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This article was originally published in the Summer 2003 issue of The Journal.

A blessing for our children

As a Catholic-Baptist couple, we were always aware that the question of how we should approach the issue of whether or not to have any children baptised as infants was going to present interesting challenges. At the time of our engagement and marriage we were asked: 'But what will you do about the children?' Whilst unable to give a specific answer to what was then a theoretical question, we felt very strongly that if God had drawn us together in marriage, as part of his purpose for both our lives, he would also enable us to address this issue in the right way, if and when it arose.

It did arise, in the spring of 1995, when I (Pamela) became pregnant with our first son, Thomas. We had just become members of the Association of Interchurch Families and, in the months that followed, we received much support and encouragement as we began to actively explore this issue.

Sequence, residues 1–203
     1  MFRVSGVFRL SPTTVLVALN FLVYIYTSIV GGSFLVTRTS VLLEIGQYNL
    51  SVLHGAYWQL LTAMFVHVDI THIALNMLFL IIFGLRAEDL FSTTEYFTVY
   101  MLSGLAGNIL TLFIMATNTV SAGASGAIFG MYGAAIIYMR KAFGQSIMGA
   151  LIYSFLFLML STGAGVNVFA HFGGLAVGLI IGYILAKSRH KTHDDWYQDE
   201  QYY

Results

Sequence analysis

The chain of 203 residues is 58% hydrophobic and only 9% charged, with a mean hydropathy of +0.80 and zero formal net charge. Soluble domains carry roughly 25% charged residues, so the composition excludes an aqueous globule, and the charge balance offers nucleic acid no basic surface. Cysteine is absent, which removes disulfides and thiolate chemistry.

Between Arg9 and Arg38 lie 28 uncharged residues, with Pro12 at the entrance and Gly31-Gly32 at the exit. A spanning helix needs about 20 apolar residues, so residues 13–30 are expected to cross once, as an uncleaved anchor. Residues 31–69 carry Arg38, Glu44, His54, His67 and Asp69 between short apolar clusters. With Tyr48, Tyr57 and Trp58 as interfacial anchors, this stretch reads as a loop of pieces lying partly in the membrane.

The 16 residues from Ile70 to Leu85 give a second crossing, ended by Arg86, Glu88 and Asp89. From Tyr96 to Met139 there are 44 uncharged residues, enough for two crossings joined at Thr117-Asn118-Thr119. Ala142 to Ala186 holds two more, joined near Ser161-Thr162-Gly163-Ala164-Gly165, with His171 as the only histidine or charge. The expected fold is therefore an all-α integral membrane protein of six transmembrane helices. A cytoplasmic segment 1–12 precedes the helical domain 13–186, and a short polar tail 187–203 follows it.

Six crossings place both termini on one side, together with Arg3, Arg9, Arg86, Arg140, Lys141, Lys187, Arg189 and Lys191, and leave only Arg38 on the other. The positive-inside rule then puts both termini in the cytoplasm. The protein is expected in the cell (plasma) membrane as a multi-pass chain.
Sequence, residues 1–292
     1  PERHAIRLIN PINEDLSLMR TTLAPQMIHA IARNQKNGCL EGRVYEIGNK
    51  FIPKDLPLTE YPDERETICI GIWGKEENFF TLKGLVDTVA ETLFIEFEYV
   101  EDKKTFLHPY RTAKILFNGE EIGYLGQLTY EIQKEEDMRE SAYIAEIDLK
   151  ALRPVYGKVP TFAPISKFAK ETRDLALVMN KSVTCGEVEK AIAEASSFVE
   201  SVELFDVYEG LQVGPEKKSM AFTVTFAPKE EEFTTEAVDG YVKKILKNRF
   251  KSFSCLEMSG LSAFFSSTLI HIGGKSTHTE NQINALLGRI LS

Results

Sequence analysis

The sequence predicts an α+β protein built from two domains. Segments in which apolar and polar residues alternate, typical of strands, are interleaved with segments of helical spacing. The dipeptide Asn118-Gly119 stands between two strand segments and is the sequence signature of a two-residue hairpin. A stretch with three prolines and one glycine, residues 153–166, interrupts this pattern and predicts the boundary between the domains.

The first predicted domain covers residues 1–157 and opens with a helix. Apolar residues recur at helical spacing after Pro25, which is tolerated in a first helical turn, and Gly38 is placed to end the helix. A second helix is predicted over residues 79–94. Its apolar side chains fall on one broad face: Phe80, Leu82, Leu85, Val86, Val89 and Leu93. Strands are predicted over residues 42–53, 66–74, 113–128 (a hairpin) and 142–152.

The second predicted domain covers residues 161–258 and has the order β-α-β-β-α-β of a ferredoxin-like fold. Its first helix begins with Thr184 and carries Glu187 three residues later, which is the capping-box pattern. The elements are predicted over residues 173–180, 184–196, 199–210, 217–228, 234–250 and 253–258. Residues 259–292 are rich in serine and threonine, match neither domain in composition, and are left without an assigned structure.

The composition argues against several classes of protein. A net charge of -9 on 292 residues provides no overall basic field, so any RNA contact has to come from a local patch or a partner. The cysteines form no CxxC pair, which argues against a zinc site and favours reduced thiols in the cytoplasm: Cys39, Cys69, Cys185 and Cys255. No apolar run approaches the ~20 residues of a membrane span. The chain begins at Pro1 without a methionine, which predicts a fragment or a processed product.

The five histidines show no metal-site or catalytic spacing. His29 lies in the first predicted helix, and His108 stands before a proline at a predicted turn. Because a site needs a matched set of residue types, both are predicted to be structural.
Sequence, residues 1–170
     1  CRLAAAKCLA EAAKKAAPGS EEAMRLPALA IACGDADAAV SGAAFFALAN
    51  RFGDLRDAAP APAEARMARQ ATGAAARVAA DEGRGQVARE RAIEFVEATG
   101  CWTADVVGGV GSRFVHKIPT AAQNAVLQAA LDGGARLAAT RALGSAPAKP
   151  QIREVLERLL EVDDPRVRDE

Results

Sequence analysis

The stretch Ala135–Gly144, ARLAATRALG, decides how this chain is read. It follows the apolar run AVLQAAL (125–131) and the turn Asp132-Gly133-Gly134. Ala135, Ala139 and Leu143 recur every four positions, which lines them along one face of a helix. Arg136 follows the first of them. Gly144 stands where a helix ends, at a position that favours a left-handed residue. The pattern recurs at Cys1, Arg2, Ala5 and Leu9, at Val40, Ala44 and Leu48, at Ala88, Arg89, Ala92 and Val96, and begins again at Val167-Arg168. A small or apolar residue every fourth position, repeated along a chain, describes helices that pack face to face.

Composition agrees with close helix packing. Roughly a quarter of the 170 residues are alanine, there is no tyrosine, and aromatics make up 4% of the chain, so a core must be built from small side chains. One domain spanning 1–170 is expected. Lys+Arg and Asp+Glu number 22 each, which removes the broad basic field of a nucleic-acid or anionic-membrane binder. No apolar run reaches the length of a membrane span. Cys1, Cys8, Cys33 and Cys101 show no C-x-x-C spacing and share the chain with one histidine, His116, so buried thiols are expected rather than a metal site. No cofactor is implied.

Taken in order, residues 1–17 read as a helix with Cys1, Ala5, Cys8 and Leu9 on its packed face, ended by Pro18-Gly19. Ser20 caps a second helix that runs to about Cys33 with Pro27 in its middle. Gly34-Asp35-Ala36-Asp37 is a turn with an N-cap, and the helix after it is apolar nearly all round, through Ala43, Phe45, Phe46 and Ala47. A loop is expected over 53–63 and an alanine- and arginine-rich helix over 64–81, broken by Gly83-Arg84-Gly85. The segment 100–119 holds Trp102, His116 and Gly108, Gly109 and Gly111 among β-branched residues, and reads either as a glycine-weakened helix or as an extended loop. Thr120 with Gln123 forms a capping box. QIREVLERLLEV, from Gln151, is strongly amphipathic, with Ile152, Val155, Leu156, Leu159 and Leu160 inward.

As a Christian within the Baptist tradition my understanding and experience of baptism is of an immensely rich and powerful statement of commitment to follow Jesus as Saviour and Lord. As a child I watched many baptisms. I heard the testimonies of those who had met Jesus, had responded to his call to discipleship and were very clearly and vividly declaring this by being baptised. I sensed both the seriousness of repentance, of counting the cost of following Christ, and the immense joy of forgiveness and new life in him. As I prepared for my own baptism I learned more of the rich meaning it expressed; the washing away and cleansing from sin; dying to self and being united with Christ in his death; coming out of the water and being raised to new life in Christ, a new creation, clothed in Christ and filled with his Holy Spirit. I wanted our child to have a similar experience of baptism.